Recently at work a member of our team came across an article about how much someone spends on ‘wellness’ every month (it was £360) and it got me thinking about how much I spend on self-care and wellness.
I’ve talked about my feelings towards the wellness industry before, and particularly how it’s so geared towards the privileged. And after reading that article, I stand by that. Someone who can afford £360 a month on wellness is privileged to be able to do that, and hey – good for them. I would probably do the same if I was in their position.
And I know that I’m also in a privileged position to be able to spend what I do on ‘wellness’… I’m just perhaps a bit closer to ground level than those you read about in those articles.
So I thought it could be quite interesting to unpack how much I do spend, whether or not I think it’s worth the investment and what I would be willing to spend more money on.
I know money is a tricky subject and I would never ever want to shame anyone for how much or little they spend on self-care, we all have different priorities and different needs. The beauty of self-care, to me, is that a lot of it can be free (or at least cheap).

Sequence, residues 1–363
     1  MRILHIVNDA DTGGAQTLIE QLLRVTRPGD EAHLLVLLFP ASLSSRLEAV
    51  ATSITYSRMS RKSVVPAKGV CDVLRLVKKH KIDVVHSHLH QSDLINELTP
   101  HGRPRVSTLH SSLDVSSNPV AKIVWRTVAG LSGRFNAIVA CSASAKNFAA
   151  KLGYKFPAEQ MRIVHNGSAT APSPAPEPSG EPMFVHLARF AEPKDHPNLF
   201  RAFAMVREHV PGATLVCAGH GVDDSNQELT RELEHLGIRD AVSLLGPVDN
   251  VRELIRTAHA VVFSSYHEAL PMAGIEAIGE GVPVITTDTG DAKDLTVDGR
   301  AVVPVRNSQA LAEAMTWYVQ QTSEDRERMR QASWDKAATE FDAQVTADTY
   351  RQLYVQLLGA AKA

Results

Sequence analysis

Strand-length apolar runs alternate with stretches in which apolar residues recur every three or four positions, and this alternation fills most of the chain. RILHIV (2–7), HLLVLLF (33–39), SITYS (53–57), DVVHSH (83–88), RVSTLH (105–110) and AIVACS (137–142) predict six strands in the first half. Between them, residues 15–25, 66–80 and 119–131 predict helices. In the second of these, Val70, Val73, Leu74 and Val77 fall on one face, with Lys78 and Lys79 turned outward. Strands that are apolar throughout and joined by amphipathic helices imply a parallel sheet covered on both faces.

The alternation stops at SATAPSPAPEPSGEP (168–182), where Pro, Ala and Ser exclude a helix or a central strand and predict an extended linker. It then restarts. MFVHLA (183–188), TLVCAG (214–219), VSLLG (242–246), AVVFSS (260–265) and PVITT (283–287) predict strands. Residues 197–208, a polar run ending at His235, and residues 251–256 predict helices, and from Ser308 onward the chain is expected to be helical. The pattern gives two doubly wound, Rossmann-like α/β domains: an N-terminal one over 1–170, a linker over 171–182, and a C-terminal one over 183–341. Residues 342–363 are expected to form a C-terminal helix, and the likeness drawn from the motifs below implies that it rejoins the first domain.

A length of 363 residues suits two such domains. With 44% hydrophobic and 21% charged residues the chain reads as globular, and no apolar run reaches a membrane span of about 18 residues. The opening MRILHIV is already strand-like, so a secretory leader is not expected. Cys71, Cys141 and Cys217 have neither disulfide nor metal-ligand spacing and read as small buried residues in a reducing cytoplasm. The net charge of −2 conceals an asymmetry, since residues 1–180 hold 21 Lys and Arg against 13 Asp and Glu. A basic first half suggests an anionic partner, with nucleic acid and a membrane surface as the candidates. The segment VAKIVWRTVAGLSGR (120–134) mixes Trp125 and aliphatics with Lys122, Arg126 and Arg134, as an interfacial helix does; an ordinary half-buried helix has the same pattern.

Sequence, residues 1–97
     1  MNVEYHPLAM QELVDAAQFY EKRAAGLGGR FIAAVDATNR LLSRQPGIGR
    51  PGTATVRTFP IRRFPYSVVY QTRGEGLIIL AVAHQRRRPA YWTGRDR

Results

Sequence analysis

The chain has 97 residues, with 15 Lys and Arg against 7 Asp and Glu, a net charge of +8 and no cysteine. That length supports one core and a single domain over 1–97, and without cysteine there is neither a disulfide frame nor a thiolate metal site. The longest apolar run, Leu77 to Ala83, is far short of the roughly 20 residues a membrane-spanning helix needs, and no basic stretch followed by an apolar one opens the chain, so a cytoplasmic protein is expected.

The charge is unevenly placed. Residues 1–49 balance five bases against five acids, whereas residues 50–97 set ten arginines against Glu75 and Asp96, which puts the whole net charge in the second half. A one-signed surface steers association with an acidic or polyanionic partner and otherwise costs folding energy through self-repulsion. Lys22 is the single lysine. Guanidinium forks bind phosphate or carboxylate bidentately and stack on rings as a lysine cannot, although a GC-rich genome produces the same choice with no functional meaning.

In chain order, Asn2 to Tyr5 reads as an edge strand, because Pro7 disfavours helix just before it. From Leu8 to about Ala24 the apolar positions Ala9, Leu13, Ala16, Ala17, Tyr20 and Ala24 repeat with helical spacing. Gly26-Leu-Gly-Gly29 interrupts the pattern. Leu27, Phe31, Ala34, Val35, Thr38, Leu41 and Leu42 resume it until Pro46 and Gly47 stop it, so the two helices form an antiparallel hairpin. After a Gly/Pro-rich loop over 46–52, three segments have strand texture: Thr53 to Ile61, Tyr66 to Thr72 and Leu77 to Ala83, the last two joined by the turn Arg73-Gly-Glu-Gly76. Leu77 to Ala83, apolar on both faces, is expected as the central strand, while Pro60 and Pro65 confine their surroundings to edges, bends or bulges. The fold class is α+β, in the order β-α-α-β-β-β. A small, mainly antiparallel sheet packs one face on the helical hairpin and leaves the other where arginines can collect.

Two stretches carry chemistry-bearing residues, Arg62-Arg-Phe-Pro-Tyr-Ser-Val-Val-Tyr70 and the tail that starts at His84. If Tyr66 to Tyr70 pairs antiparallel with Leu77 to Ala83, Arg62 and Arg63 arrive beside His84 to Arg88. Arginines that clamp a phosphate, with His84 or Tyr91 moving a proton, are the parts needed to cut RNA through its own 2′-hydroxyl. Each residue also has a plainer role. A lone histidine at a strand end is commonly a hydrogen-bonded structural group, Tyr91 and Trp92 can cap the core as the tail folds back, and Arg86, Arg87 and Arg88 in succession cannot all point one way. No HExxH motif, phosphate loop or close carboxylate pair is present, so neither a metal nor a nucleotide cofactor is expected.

The self-care items I’m discussing in this post don’t include things like food, shower gel or dentist appointments. I’m looking at the ‘extra’ things. The things that aren’t strictly necessary, but the things I’m happy to pay for every month.
Let’s take a look at what my monthly cost is then hey?
I have quite a lot of subscriptions, including Amazon Prime and Netflix. As it turns out, I also have quite a few self-care subscriptions on the go too…
Calm app = £3.75 per month (charged annually)
I resisted subscribing to the Calm app for a long time, but last year I got really into their sleep stories and had exhausted the free options, so decided to bite the bullet and pay for full access. And I have to say, for me it’s worth the cost. I only use the app for its sleep stories (although there’s lots of other features!) but I use it every night to help me sleep.